Understanding Pentatonic Scales

2009 April 8

What are pentatonic scales? How are they constructed? What makes them different than major and minor scales? Why are they the most common scale used in the world?

In this article we’re going to take a closer look at these very popular scales and explain them in an easy to understand nonacademic way.

Scales are one of the most important building blocks of music. Notes from scales, combined with rhythm, form the basis of melodies. A haunting, solo melody can be a rich and rewarding musical expression. Therefore a basic knowledge of scales is beneficial to anyone that wishes to make music, especially if they are creating their own tunes or just improvising (“playing from the heart”).

In the two previous articles we looked at diatonic major and minor scales and then the diatonic modes respectively. A good understanding of these principles will help you with the subject of this post exploring pentatonic scales. You might want to review them before diving into this article.

For anyone that plays the Native American flute the term pentatonic scale becomes a constant refrain in almost all conversations about this instrument. Yet very few people know very much beyond the fact that Pent is Greek for five. Even though this is the limit of most people’s knowledge, somehow a lot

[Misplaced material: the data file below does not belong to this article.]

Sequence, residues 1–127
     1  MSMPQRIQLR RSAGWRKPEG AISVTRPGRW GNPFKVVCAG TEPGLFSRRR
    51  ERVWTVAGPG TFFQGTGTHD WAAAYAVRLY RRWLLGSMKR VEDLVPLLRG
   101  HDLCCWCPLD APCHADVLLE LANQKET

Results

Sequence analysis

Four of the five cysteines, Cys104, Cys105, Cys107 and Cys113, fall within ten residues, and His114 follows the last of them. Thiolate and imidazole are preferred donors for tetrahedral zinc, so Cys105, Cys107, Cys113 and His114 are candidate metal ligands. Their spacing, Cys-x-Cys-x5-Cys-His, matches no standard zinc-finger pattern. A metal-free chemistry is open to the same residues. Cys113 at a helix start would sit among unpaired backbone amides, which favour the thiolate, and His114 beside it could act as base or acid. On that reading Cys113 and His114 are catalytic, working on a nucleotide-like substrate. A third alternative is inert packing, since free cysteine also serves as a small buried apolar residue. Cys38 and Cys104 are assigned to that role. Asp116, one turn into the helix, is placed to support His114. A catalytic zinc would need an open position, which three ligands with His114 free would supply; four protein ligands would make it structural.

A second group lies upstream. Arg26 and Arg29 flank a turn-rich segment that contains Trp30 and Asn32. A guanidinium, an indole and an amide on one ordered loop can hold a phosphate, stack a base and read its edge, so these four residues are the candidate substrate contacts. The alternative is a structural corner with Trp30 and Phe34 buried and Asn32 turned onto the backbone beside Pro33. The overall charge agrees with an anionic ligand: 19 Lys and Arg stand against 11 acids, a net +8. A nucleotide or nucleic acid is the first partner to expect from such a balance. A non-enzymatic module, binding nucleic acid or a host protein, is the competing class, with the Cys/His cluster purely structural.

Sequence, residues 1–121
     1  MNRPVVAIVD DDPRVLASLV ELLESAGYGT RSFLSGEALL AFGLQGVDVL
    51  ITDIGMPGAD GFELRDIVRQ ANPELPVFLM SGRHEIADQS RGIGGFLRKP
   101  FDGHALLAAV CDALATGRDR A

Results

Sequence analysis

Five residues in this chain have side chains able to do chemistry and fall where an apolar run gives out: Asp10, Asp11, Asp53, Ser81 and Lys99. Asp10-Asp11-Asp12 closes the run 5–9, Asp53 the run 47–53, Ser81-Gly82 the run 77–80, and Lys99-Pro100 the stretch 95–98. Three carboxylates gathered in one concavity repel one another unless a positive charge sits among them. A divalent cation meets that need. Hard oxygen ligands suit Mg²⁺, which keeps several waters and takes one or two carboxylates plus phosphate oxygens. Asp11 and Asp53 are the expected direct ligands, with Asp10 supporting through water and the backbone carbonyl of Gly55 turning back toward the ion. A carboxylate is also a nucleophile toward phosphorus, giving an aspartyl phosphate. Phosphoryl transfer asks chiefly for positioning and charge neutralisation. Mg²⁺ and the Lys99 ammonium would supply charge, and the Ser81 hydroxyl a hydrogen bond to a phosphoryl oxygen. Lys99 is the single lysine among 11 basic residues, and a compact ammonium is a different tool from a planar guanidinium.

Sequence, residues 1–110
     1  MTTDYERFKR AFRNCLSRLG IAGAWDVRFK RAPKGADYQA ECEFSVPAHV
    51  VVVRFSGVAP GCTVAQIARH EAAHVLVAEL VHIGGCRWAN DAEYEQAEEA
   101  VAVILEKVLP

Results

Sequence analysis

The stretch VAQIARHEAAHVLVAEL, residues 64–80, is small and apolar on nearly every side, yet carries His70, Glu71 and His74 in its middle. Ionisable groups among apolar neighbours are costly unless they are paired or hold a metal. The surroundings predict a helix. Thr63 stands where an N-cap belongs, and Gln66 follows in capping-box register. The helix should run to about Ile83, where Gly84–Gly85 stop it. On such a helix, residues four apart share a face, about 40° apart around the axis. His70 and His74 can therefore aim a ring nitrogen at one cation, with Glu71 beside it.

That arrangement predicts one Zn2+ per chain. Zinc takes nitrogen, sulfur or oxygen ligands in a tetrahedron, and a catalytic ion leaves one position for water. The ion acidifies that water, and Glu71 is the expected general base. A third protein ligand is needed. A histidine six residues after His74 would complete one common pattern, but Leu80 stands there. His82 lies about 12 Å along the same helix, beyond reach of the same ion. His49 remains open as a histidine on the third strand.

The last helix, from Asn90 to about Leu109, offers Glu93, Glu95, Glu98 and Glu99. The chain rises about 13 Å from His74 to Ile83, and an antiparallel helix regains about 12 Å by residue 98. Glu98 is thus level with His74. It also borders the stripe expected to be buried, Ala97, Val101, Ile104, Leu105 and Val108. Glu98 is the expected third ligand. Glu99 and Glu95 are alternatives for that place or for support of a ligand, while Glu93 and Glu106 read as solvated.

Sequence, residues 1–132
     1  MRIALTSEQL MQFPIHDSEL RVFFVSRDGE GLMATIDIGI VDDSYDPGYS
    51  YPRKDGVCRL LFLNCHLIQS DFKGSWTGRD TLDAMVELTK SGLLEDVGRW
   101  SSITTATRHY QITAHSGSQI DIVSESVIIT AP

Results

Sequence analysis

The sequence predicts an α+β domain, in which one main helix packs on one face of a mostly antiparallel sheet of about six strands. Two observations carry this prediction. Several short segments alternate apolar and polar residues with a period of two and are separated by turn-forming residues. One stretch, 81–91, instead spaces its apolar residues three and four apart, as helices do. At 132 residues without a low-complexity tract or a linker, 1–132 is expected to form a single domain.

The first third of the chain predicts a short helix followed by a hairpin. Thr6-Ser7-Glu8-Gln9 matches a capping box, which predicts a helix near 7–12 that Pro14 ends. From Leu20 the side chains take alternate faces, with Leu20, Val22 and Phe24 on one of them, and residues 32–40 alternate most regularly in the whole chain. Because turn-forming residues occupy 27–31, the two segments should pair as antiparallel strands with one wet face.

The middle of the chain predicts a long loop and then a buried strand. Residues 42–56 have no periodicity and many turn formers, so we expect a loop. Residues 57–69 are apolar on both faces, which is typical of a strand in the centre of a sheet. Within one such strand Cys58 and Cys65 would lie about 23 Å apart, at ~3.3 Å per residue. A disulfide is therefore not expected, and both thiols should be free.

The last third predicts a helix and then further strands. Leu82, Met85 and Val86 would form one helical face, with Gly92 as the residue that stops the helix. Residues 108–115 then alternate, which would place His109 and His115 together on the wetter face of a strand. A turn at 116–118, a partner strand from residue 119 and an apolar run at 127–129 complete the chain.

of misinformation and incorrect terminology gets passed from player to player, maker to player, maker to maker and player to maker. This misinformation is completely invalid outside of the Native American flute world and for that matter is barely valid for the NAF. As if the Native American Flute world is it’s own little bubble, which it’s not.

If you want to be taken seriously by other musicians, and have the Native American flute taken seriously as well, it’s essential to be able to discuss music at a basic level using the correct terms that are recognized by the larger musical world.
Likewise it’s also good to avoid using terms that are not recognized by musicians, composers and music theorists.

Let’s start by looking at the most common pentatonic scales, the names they are known by and how they are constructed. Then we’ll talk about some of the incorrect terms and names given to them so you can avoid falling into the trap so many NAF players have fallen into.

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1 Comment leave one →
2010 July 20

Seems like when ever I give a flute as a gift I have to explain the scale and why one covers up one of the holes. Thanks Scott for stating it so clearly. I think there is a book inside you trying to get out!

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